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1.  Relaxin Reduces Fibrosis in Models of Progressive and Established Hepatic Fibrosis 
The effect of relaxin administration before (prevention) or after (treatment) the establishment of hepatic fibrosis in a mouse model was examined. In the prevention study, relaxin reduced collagen and smooth muscle actin (SMA) content, and significantly reduced serum levels of the liver enzymes ALT and AST. In the treatment study, relaxin for 1 week reduced collagen and SMA, but not liver enzyme levels. Relaxin for 2 weeks had no significant effect. In conclusion, the data suggest that relaxin treatment before fibrosis can reduce collagen and improve liver function, but that there is little effect of short-term relaxin treatment after fibrosis is established.
doi:10.1111/j.1749-6632.2008.03783.x
PMCID: PMC2716062  PMID: 19416217
Hepatic fibrosis; liver; collagen; relaxin
2.  Degradation of Relaxin Family Peptides by Insulin-degrading Enzyme 
Insulin-degrading enzyme (IDE) is a ubiquitously expressed metalloproteinase responsible for the intracellular degradation of insulin. IDE also interacts with other members of the insulin superfamily, including relaxin, but no studies have been reported regarding the interaction of other relaxin-like peptides with IDE. In this study, we determined that relaxin, relaxin-3 and InsL3 all competitively inhibited the degradation of insulin by IDE to different degrees, and all inhibited covalent cross-linking of insulin to IDE. Each of the peptides was degraded by IDE to various degrees (insulin>relaxin>InsL3=relaxin-3). In summary, relaxin, InsL3 and relaxin-3 all bound to IDE, competed with the binding and degradation of insulin, and were all substrates for the proteolytic activity of IDE. Therefore, it is possible that in addition to insulin, IDE may be important for the cellular proteolysis of relaxin, InsL3 and relaxin-3.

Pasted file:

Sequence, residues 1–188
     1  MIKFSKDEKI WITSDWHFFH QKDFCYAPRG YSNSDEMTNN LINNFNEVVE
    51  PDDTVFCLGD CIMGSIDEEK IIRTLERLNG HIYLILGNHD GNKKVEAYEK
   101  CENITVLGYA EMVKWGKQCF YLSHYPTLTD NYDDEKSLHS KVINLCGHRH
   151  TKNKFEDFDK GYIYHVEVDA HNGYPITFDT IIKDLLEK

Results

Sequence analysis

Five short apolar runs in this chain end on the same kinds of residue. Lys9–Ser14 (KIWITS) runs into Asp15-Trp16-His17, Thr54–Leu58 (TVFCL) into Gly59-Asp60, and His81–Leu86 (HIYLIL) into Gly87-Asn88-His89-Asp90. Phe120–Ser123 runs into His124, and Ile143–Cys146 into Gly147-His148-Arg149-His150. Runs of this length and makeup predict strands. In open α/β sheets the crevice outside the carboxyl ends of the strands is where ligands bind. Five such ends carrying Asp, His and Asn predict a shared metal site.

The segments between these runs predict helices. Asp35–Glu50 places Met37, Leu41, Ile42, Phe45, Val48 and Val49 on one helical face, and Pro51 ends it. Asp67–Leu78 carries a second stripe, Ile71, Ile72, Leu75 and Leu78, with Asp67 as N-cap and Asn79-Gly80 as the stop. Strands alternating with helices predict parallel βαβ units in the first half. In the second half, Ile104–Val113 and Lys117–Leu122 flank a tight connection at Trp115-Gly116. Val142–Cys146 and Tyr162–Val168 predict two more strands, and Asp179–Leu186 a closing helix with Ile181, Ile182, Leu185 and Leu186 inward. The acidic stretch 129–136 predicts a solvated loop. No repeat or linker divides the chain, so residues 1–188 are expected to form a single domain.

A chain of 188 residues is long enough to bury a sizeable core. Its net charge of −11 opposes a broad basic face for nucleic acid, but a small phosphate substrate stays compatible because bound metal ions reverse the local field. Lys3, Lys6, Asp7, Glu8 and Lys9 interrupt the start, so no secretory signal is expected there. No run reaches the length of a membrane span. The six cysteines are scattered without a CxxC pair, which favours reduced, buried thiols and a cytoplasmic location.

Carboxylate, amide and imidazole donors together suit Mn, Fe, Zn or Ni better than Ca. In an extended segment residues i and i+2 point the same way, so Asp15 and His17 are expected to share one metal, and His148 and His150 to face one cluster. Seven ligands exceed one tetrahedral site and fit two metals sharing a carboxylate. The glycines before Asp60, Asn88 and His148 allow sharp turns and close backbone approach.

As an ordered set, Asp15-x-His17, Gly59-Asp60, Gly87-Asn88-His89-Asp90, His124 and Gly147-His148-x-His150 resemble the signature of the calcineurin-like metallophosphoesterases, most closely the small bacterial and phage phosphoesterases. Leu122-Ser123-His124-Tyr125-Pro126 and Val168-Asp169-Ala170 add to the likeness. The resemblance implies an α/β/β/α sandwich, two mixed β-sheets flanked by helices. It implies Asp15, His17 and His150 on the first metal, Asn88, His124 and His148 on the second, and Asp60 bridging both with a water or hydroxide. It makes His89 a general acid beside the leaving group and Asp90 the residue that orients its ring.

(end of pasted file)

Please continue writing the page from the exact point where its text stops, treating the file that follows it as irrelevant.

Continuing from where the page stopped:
doi:10.1111/j.1749-6632.2008.03782.x
PMCID: PMC2708001  PMID: 19416156
Insulin-degrading enzyme; insulysin; relaxin; relaxin-3; InsL3; Relaxin-like factor

Results 1-2 (2)